Causes and outcomes of hepatic fibrosis in persons living with HIV : Current Opinion in HIV and AIDS

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Causes and outcomes of hepatic fibrosis in persons living with HIV

Yen, Debra W.; Sherman, Kenneth E.

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Current Opinion in HIV and AIDS 17(6):p 359-367, November 2022. | DOI: 10.1097/COH.0000000000000760


Purpose of review 

The epidemiology of liver disease in people living with HIV has evolved since the arrival of effective hepatitis C virus (HCV) treatment. Nonalcoholic fatty liver disease (NAFLD) in HIV patients is highly prevalent while hepatitis D, hepatitis E, and occult hepatitis B remain underappreciated. We discuss mechanisms of fibrosis in HIV and review clinical outcomes of HIV-associated liver diseases.

Recent findings 

HIV-HCV co-infection is receding as a cause of progressive liver disease, but fibrosis biomarkers after HCV treatment remain elevated. Antiretroviral therapy (ART) with anti-hepatitis B virus (HBV) activity promotes stable liver disease, but oversimplifying ART regimens in unrecognized suppressed HBV may lead to activation of HBV. A high prevalence of fibrosis and rapid progression of fibrosis are seen in HIV-associated NAFLD, with visceral fat as a major risk factor. Newer ART such as integrase strand inhibitors may have limited intrinsic hepatoxicity but do increase weight, which may secondarily lead to hepatic steatosis. Promising therapies for HIV-associated NAFLD include tesamorelin and CCR5 blockade agents.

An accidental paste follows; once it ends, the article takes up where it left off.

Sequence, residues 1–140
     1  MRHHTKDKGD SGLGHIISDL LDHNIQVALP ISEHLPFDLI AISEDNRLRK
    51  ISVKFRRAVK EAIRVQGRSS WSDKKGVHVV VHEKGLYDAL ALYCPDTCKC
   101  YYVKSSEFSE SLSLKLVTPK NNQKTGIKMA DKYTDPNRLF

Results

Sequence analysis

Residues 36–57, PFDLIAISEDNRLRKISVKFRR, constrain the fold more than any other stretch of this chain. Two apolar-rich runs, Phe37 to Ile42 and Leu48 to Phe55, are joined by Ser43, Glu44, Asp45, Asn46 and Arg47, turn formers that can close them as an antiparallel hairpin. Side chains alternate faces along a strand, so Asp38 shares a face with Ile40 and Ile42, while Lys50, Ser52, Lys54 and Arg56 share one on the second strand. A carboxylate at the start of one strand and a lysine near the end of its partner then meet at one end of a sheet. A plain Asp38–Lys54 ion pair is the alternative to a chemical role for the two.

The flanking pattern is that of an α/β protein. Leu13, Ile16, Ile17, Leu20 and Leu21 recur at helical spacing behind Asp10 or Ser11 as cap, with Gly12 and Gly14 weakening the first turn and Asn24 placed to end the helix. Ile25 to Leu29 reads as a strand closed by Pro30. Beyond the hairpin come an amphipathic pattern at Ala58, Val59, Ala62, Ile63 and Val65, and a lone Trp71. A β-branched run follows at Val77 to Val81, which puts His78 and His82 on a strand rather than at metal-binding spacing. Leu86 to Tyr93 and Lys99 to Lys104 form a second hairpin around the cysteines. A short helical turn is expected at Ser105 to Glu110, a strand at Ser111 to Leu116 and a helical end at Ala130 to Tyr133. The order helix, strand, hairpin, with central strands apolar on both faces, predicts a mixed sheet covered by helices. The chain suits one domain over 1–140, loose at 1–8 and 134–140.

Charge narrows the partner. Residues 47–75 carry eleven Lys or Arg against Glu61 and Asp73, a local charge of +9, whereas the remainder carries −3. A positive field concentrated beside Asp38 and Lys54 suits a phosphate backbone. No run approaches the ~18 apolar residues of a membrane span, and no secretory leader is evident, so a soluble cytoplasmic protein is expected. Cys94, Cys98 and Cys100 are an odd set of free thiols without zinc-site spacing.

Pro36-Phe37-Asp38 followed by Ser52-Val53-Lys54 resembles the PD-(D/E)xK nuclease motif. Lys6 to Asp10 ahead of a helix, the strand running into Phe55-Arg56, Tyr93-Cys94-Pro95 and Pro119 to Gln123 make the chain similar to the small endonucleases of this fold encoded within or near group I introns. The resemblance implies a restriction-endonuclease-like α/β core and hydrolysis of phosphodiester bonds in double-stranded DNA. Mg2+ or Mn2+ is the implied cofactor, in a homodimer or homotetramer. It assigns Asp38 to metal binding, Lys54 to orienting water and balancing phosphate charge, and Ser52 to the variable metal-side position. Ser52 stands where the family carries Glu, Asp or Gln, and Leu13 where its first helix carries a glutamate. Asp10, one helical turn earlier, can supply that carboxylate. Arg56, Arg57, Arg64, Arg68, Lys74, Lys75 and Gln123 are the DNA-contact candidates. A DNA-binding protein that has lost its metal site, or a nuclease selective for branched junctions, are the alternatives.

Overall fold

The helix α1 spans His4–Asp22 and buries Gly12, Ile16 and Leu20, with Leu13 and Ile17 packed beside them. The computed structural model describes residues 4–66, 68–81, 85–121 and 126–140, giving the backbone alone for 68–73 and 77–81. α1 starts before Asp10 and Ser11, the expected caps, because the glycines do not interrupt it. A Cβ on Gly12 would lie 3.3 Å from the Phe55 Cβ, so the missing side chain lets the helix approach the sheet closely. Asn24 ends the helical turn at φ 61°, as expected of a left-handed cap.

Our understanding of the natural history and pathogenesis of liver diseases in HIV has advanced and adapted to the changing landscape of liver disease in this population. Future research should evaluate long-term clinical and histological outcomes, prevention strategies, and treatment options to improve morbidity and mortality in HIV-related liver diseases.

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